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Jazz, Civil Rights, and American Society

Jazz, Civil Rights and American Society traced social conflict and social progress through the study of jazz music. Starting with its antecedents, the Negro spirituals of the mid and late nineteenth century, and the development of blues music at the beginning of the twentieth century, the course explored how through lyrics and music, the African American people have expressed their desires for freedom and equality. From Duke Ellington’s "Black Brown and Beige" to Billie Holiday’s "Strange Fruit," to Charles Mingus’ "Fables of Faubus" and Charlie Haden’s Liberation Music Orchestra, the sweet syncopations and heartfelt realities of jazz as a music of freedom were explored. The class looked at how the music differed in various cities and areas of the country, as well as at similarities and differences among jazz musicians, black and white. In addition to class readings, the class weekly listened to music, viewed audio clips of live performances, and heard what the musicians themselves have to say. This course (HIST-388) was taught by Maurice Jackson, Department of History, as a Doyle Seminar (small upper-level classes that foster deepened student learning about diversity and difference through research and dialogue).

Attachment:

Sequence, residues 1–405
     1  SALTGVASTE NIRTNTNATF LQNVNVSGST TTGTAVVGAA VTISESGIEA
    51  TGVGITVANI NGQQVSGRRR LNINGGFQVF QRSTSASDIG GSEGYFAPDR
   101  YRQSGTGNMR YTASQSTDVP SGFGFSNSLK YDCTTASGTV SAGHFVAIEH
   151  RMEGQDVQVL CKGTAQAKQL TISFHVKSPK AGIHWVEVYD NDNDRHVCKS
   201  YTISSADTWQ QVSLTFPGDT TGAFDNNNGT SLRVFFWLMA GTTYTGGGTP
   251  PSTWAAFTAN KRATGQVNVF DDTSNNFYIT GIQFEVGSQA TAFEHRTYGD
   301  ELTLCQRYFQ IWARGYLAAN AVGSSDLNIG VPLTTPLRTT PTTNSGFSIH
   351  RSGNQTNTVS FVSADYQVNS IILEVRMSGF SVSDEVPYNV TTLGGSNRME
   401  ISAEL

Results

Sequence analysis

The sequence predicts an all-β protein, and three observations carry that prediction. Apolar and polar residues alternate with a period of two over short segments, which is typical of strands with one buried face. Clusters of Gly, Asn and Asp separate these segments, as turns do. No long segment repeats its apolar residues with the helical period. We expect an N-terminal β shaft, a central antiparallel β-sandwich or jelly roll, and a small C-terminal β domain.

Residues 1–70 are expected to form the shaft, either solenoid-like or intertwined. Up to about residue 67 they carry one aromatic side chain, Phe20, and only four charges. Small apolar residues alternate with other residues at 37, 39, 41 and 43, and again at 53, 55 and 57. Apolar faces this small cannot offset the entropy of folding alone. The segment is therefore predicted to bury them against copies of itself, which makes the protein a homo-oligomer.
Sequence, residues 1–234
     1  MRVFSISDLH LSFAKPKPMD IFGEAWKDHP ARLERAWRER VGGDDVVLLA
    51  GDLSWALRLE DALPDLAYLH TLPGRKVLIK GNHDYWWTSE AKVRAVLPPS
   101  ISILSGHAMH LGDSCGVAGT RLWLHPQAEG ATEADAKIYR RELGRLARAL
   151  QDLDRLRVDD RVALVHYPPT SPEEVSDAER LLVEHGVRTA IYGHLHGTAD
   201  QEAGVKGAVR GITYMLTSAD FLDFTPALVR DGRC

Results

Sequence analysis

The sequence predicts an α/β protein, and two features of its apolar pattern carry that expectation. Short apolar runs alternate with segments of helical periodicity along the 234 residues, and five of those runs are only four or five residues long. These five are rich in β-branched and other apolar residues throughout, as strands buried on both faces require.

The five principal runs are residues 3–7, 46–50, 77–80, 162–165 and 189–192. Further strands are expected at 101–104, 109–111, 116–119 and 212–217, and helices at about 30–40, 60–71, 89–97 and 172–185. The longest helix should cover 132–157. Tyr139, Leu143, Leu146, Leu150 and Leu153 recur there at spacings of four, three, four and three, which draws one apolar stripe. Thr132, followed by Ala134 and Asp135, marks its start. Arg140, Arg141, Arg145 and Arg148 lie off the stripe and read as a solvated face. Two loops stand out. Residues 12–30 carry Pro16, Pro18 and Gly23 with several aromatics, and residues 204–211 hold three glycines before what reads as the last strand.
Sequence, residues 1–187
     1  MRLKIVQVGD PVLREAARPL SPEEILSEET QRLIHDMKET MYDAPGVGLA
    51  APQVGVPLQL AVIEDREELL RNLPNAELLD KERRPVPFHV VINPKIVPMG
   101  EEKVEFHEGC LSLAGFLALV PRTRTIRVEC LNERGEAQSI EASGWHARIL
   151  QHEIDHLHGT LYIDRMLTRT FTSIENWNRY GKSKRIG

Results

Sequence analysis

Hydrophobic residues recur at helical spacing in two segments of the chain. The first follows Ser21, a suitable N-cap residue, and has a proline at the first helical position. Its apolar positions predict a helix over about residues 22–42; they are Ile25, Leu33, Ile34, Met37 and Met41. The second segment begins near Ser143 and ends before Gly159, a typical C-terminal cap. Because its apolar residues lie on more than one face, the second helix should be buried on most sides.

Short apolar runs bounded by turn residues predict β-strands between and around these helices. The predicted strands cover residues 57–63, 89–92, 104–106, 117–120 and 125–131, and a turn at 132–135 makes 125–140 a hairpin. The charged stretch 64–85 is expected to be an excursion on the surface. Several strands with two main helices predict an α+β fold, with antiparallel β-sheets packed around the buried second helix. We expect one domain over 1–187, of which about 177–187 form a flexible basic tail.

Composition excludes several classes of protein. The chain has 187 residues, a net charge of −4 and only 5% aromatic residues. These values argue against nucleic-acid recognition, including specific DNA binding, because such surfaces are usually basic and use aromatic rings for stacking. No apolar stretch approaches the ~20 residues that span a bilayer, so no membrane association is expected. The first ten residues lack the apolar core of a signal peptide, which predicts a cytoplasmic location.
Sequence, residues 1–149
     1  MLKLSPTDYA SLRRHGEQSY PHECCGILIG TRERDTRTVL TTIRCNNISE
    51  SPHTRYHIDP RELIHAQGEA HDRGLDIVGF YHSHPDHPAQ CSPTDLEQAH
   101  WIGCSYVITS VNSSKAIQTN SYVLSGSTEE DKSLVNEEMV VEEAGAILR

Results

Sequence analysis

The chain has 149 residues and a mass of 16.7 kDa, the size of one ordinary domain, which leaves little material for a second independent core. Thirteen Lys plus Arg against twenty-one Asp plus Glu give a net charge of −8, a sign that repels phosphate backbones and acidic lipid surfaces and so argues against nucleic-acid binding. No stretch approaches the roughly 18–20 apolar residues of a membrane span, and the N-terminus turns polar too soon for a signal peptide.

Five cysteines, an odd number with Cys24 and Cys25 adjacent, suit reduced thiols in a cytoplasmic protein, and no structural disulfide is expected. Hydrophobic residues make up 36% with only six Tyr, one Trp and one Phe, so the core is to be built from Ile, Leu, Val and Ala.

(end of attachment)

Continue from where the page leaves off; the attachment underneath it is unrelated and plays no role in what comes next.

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Maurice Jackson headshot

Maurice Jackson

Department of History, African American Studies Program